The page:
The British Antarctic Survey closed its Halley base for another winter.
The team left the station, leaving about 80% of the experiments they would normally do during the polar night operating on automatic.
The closure is the result of constant uncertainty about the stability of the ice near Halley, which is likely to break at sea.
BAS believes the base is far enough away not to be affected, but does not want people to be there just in case.
Sending airplanes to evacuate personnel in the dark of winter and in bad weather is an unnecessary risk.
This is the third winter on the trot now that Halley has been closed.
The base is on the Brunt ice shelf – the floating protrusion of the glaciers that flow from the Antarctic into the Weddell Sea.
Periodically, this platform will receive icebergs and there is currently a large opening that will create a particularly large block – roughly the size of Greater London.
But when that happens, no one can say.
"What really matters is what happens upstream of the abyss where Halley is located," explained BAS chief scientific officer David Vaughan.
"We have a network of about 15 GPS stations across the ice shelf around Halley, and their data is transmitted to us every day with a day late. And although, yes, by the crack, there are changes – by Halley, we actually saw very little ice deformation, "he told BBC News.
There has been a permanent research station at Brunt since the late 1950s. The buildings underwent several upgrades with the latest installation with legs and skis. This allows the entire segmented structure to be moved.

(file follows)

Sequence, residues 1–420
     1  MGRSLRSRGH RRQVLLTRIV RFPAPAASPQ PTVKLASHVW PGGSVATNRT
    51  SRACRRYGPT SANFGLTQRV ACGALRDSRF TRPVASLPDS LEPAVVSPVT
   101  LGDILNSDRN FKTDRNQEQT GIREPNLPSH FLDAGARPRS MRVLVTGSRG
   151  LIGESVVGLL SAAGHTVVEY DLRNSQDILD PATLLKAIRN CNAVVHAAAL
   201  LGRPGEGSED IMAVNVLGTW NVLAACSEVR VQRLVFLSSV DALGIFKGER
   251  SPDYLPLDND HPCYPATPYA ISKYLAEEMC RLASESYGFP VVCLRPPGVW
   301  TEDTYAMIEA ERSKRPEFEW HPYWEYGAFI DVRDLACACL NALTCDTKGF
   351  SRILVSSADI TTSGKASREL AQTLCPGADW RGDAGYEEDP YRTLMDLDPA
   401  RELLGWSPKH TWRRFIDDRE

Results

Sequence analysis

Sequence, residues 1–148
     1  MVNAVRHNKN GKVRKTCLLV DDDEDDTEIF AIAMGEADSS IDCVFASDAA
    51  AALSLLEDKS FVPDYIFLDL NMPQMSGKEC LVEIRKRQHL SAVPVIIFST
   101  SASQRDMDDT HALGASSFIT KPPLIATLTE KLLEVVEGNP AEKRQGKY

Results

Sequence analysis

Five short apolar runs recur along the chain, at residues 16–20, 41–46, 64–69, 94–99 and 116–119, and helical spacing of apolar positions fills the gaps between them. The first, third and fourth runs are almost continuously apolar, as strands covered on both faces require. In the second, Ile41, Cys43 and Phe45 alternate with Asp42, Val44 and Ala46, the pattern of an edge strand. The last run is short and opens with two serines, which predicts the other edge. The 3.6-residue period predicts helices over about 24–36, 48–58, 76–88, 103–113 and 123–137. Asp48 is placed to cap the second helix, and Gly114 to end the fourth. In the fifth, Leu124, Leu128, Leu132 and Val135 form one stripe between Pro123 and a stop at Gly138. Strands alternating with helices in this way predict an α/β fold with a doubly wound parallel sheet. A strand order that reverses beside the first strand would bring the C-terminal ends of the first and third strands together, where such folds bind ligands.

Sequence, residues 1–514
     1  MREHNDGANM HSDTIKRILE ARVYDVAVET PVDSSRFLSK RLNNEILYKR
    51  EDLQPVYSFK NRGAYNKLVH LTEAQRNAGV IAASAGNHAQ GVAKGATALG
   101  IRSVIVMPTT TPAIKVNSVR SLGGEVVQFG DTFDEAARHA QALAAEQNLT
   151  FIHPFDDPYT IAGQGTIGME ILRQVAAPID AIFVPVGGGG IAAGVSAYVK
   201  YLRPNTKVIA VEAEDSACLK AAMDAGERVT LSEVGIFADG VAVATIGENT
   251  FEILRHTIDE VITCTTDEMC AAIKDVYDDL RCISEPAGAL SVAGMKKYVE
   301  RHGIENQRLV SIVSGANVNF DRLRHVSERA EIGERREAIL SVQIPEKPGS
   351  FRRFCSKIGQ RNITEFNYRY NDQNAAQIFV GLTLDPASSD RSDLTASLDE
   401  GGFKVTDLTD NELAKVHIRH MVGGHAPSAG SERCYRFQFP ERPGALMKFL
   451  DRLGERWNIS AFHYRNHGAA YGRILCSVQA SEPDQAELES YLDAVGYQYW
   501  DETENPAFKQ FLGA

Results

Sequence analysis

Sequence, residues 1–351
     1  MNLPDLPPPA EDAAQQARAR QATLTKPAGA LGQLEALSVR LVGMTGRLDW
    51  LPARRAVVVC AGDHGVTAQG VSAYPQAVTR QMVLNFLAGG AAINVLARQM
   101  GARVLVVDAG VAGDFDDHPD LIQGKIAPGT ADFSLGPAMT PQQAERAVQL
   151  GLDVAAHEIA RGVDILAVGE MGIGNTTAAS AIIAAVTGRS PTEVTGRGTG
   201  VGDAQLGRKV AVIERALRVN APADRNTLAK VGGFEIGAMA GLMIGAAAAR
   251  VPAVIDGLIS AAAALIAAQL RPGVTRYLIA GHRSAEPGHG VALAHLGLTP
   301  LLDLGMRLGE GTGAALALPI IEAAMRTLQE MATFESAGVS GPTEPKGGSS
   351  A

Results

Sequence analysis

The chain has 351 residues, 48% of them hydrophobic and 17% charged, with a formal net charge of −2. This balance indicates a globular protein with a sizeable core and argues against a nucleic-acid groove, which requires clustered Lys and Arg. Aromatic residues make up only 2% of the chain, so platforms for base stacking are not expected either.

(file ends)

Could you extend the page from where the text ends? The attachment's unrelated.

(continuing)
In 2017, BAS tractors dragged the base 23 km from the water's edge to put it in a safer place. It was a smart move, because without the relocation, Halley would now be sitting on the wrong side of the abyss.
Glaciologists continue to use satellite images of the region to monitor the behavior of the abyss. The situation has been somewhat complicated by the appearance of an additional fissure, dubbed the Halloween Crack, which moves in a different direction.
The way events unfold will largely depend on what happens in a shallow water area known as the McDonald Ice Rumples.
This collision at the bottom of the Weddell Sea acts as a fixation point that retains and stabilizes the 150m thick Brunt shelf. Just where the abyss breaks the rumples – and it has about 4.5 km to go – will almost certainly influence the upstream ice reaction.
Halley is extremely important to BAS activities.
In addition to serving as a launching pad for deep-sea Antarctic incursions, it gathers essential weather and climate data.
Famously, it played a critical role in research that identified the ozone "hole" in 1985, and in recent years has also become an important center for the study of solar activity and the impacts it has on Earth.
The research team has worked hard to try to keep the observations, even if they themselves are not present.
An important solution is the installation of a micro-turbine – a kind of "jet engine in a box". This is providing the power for automated instrumentation, including the Dobson photodetecograph that keeps an eye on the ozone layer.
Conducting experiments in Antarctica without people is a challenge because of the adverse conditions.
If the micro-turbine air intake is blocked with snow or ice, and no one is around to remove the obstruction, the machine will shut down and the instruments will be offline.
But the jet engine has been running without incident for several weeks, and Professor Vaughan believes that if the system proves its capacity, it can become a very useful technology in other places in Antarctica.
"We can use it in the field in places where it is too difficult or too expensive to go through wintering seasons these days," he said.
"Halley's a good test. It's not an easy place to operate."
People will return to the base when sunlight begins to return in the polar south around October / November.
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